One of the harder things to actually get on camera is the metallic green that shows up on many male Banded Rock Rattlesnakes in S.E. Arizona. It doesn’t quite seem to look right on camera, so when one does look like it should, it’s amazing. This one is one of those instances; a mature male found near the Huachuca mountains.
Typical-looking sidewinder for the Phoenix area, on atypical background gravel. Normally I like to at least move stuff a little further off the road before photographing it, if that’s the way it is found, but this guy curled up so nice … and good old laziness after being out for many hours. Oh well 🙂
The big boy in the background is king of this rock, seen here with one of about 6 females that he courts and mates with. I’ve seen smaller males come wandering into this area before, and it doesn’t end well for them. The last one was chased away and actually fell about 8 feet onto rocks below.
Once named a subspecies of prairie rattlesnake (Crotalus viridis nuntius), these little orange guys are now just considered a local phenotype. They’re usually referred to as “Hopi” rattlesnake as a common name, despite having no taxonomic difference with the rest of prairie rattlesnakes … confusing for sure, but an example of how common names and the associated latin can advance at different speeds.
Over the years, we’ve noted that Red Diamond Rattlesnakes at the dens we visit seem to operate on 2 distinct clocks. One being yearly, possibly based on light levels or average temperatures, and the other being conditions in the area at that time. Understanding both can indicate what kind of day we’re going to have.
During the month that we go, they seem to always emerge at the same time each year, to within 15 minutes for as long as we’ve been going to these sites. This happens no matter what the conditions are, it seems – the snakes begin to move suddenly, and seemingly all at the same time. Even on days that it feels much too cold for anything to happen, or the bright sun seems sure to have us driving back to Phoenix with empty camera cards, the magic hour proves us wrong.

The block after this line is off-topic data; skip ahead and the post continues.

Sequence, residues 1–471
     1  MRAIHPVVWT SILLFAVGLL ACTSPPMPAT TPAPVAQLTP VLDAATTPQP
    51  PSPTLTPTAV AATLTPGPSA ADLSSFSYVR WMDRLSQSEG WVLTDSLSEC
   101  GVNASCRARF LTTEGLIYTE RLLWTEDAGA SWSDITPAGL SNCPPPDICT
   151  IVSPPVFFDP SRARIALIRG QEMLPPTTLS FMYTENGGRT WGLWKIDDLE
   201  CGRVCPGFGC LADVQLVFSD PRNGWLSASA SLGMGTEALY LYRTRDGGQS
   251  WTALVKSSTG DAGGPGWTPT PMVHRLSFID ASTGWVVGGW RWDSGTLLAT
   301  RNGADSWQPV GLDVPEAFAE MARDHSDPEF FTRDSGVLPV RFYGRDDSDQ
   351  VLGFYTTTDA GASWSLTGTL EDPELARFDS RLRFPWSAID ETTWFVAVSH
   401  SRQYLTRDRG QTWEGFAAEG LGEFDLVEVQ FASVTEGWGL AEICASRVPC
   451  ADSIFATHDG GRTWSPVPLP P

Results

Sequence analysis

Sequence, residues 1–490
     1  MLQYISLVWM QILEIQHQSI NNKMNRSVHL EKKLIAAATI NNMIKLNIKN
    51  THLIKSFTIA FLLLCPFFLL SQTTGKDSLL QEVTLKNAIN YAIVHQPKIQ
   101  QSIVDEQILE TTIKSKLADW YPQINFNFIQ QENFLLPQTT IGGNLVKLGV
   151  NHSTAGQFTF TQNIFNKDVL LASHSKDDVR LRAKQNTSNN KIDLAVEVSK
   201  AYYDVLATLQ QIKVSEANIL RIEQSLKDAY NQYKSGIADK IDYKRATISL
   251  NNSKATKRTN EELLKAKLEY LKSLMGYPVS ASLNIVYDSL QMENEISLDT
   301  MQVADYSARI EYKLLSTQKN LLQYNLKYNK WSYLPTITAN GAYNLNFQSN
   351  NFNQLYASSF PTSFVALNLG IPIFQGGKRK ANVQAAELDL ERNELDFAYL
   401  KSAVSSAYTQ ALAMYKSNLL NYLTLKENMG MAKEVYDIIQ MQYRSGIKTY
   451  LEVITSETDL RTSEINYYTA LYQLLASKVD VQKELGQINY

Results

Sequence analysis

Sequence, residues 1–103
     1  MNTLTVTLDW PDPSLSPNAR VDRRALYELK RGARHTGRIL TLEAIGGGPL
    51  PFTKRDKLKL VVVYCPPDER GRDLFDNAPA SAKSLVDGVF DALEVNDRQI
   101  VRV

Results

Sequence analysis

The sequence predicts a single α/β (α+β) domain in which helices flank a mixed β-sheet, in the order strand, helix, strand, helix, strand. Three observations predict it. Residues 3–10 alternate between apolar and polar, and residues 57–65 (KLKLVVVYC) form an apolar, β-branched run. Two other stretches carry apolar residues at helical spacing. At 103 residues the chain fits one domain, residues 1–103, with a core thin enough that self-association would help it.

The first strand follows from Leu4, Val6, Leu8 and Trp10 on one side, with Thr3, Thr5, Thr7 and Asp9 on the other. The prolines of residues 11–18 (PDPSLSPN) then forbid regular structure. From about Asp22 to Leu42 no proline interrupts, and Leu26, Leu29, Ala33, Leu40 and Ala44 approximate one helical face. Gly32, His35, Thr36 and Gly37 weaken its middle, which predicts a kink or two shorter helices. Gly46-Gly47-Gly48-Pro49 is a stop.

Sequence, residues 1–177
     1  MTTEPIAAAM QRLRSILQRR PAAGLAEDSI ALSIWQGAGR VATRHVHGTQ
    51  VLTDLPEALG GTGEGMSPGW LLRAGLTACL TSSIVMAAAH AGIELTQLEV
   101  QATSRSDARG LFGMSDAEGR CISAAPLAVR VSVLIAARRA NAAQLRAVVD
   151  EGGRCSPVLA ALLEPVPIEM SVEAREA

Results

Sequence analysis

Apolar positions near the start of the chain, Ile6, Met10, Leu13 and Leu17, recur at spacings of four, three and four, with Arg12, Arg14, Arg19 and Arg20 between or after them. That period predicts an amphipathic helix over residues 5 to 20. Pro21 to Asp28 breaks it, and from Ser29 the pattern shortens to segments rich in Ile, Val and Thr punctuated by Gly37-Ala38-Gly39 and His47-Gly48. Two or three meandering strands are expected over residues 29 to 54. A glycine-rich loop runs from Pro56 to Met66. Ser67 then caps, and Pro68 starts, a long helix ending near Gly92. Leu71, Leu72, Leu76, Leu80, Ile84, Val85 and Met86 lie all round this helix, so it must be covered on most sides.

The second factor are the conditions that week or day. Meaning cloud cover, any rain that’s coming or just happened, etc. This seems to dictate what the snakes do once they are out, and how long they do it. On a good day, overcast or foggy giving way to partial sun, then clouding up again to a nice and stable warm and humid feeling, the snakes will be out and moving all day long.
On bad days, clear skies and bright sun create unstable, hot conditions that will move them back into the rocks pretty quickly. In these conditions, the air temperature under rocks where they spend the night may be quite cool overnight, but the surface is too hot to be out by 11am. On days like this, there is no benefit to coming out at all. While they may move a short distance or come out then come right back in, for the most part, they will remain hidden. Regardless, the time of initial movement stays the same.
On days where everything goes “right”, the snakes may move again in the late afternoon when shadows are long, as long as the wind doesn’t get too crazy and the gamut between day and night time temperatures is not too extreme. On these days, the snakes tend to be moving larger distances, and generally doing cooler stuff. We’ve had some great moments watching large adult snakes move through the rocks, setting up ambush sites, and interacting with the environment.
Here’s an example: a red diamond rattlesnake modifying its surroundings to create a clear strike path for ambush. This has been documented in other species, and to our knowledge, this is the first time it has been seen with these guys.
In the Spring, specks in this part of the mountain maintain a pretty regular pattern of emerging in the Morning on the West side of rocks, moving to the East-facing side (either across the bajada or just moving around to the other side), hiding during the day, then wandering back as the shadows get long. Eventually, they will move out along bajada ridges to hunt near the top of minor drainages, and continue to move laterally in this way until the beginning of the foresummer, where they retreat to other areas within the mountain to eat and aestivate. This is one of the males that I spent a few days following around while working out this pattern.
Even within contiguous habitat, some speckled rattlesnakes groups may be darker than in the surrounding areas. This is one example – one of a much darker-than-usual group that lives in a relatively small section of volcanic rock, completely surrounded by iron-rich rock. A short distance from where these snakes live, they are the more typical orange/red color they are throughout the rest of that range. This is by no means the darkest seen there, either. I have seen one young one that is grey on black, and will likely darken as it ages.
These are more photos at my largest site that I visit. I limit trips here to just a few times a year to make sure I don’t impact behavior or habitat, and its always great to see regulars show up year after year.